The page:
“The Fighter” doesn’t bring anything new to the boxing picture genre — but it’s packed to the gills with all that reminds us why such movies enthrall.
Muhammad Ali once said that through the exchange of pain a man knows that he’s a man. In that vein, “The Fighter” gets the viewer in touch with being human, albeit with the vulnerable, disorderly and secretive side of our nature — and the sight isn’t pretty. Confronted with the chaotic mess of existence, we know that we are after all, people — capable of doing great damage and sinking into sewage. Or as “The Fighter” portrays, some of us have the potential of real-life boxer Dicky Eklund, who took blow after blow of bone-crushing humiliation until in a freak moment he landed a legendary left hook when his opponent was least expecting it.
Eklund rose briefly to fame only to crash and burn in the ring, and he casts a long shadow over “The Fighter.” The title could really be talking about him instead of the film’s real star and Eklund’s half brother, “Irish” Micky Ward.
When we are first introduced to the siblings, they’re chummy and joking around — Dicky has his arm slung protectively around Micky’s shoulders. But the happiness is superficial. Dicky (in a stunning Oscar-winning performance from Christian Bale) is now a crackhead criminal whose hopes to stage a comeback mainly revolve around coaching his kid bro (Mark Wahlberg), and he’s aided in this mission by their poisonous, manipulative mother Alice (Melissa Leo) and their seven blonde-headed sisters. Poor Micky would like to break free of these suffocating bonds, but at the beginning of the story he’s drowning in family issues and sentiment, wanting only to be like Dicky and to please his mom.
Wahlberg (a native of of a Massachusetts working-class town, just like the brothers) trained for years to play “Irish” Micky, sank a significant amount of funds as coproducer and cast about high and low for a director after being turned down by Martin Scorsese (whose own 1980 boxing pic “Raging Bull” has a totally different feel-bad texture). In the end, David O. Russell, who had directed Wahlberg in “I Heart Huckabees,” agreed to take on this hefty project.
Russell positions “The Fighter” somewhere between “Rocky” and “Million Dollar Baby,” and though the turf may be well-trodden, the little alley that the director carves out for the film feels precious and personal. The blue-collar desperation typical of the genre rises like beer froth, but there’s very little of the false buoyancy and honor-comes-first macho aesthetics of, say, “Cinderella Man.” Russell makes full use of the partnership and the complex emotional chemistry between the brothers, which is something that could not be described in the banal terms of love or hate.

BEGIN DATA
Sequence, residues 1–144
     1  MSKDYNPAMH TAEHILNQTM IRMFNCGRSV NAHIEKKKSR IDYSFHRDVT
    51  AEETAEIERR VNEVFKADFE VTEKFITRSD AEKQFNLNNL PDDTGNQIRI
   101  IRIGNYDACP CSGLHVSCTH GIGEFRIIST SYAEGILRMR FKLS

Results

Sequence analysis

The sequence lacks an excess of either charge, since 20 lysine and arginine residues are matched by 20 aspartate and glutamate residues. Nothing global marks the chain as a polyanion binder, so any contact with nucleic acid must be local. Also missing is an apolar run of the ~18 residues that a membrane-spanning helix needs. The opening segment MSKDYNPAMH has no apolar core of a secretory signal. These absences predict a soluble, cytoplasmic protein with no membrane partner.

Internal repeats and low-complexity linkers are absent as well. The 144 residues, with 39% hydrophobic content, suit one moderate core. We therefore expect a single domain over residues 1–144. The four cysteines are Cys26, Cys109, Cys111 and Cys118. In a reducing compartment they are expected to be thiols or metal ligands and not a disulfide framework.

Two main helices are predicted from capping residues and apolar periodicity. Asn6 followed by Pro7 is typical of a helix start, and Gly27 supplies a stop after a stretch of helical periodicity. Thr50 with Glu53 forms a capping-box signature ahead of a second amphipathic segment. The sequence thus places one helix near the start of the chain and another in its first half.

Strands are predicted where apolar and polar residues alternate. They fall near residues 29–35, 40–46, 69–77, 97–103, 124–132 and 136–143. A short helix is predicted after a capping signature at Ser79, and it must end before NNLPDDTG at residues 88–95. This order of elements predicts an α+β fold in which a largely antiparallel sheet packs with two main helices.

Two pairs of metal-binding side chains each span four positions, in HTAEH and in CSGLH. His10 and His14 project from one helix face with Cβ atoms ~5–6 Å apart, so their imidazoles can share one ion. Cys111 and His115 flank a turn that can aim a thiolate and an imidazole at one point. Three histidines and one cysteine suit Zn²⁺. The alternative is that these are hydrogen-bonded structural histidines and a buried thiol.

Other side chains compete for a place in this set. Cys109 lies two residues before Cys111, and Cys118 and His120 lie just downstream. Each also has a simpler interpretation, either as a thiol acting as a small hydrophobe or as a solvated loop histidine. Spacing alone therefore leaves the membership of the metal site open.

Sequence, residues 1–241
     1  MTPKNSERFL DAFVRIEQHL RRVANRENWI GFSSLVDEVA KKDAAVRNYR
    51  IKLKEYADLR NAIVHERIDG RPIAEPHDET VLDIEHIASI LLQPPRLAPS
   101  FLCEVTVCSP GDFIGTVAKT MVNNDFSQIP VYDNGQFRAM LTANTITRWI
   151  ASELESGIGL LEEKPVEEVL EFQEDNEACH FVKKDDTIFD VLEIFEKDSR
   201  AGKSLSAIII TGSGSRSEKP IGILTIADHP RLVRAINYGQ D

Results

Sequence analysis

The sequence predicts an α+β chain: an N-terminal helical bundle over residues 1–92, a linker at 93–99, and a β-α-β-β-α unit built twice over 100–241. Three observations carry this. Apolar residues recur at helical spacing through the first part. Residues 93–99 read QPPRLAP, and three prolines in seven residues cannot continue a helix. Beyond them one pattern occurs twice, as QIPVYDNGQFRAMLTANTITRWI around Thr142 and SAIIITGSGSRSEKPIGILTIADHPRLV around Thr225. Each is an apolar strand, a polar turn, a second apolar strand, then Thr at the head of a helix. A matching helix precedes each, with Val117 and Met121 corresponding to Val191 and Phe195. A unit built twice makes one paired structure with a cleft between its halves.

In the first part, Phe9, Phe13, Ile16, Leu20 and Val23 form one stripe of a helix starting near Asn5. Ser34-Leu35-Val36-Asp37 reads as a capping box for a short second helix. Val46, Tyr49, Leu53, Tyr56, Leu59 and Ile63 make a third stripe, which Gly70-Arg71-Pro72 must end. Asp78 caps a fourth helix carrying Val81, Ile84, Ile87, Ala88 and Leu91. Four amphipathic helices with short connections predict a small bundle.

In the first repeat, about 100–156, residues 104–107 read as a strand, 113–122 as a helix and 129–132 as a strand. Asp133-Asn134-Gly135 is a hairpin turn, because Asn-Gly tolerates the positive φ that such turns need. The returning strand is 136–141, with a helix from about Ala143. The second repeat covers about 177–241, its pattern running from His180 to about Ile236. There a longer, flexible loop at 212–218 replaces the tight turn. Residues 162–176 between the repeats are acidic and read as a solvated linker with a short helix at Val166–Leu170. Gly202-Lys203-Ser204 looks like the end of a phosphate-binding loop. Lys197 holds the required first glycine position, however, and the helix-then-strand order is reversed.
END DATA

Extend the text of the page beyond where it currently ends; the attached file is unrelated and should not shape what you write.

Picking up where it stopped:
The megawatt brilliance of Micky’s victories always come with the singed black edge of the presence of Dicky, whose main boast in life was that he once went the distance with Sugar Ray Leonard and keeps harping on about it with weary insistence.
Bale dropped 13 1/2 kg (a feat in which he excels, judging from such works as “The Machinist” and “American Psycho”) to play this gaunt, shriveled ex-fighter, trying to motor-mouth his way into cash and credibility. When an HBO documentary crew offers to make a movie about him and Micky, the overjoyed Dicky thinks they’re interested in his career — the program is actually about drug abuse.
Wahlberg’s demonlike training shows in his six-pack, chiseled biceps and shoulder blades the shape of pyramids. It’s said that a boxer’s body can only be attained through boxing — a three-week work out on an elliptical machine just won’t do it. The sport also requires a special psychology that feeds on resentment, fear and rage. While Dicky is all these things incarnate, Micky is much less of an exhibitionist — he fights because he needs the money, and because it’s the only way he can transport himself to a place where he wants to be. Even then, he refuses to dramatize his feelings or engage in self-analysis and would rather leave all that to his tough-as-nails girlfriend, Charlene (Amy Adams in atypical bitchy splendor).
In the end, “The Fighter” is a true boxing picture in that it tells its story through the state of its protagonists’ bodies. Micky and Dicky are fascinating for the different ways in which their lives are dictated by their bods — battered, beaten or withered by substance abuse, their synapses seem to constantly register pain and more pain. The brothers show us a world comprised entirely of flesh, blood and bones (as opposed to a world reflected on a laptop screen). How they process and translate that world into a fevered lust for battle is what charges the movie with its crazy, glorious energy.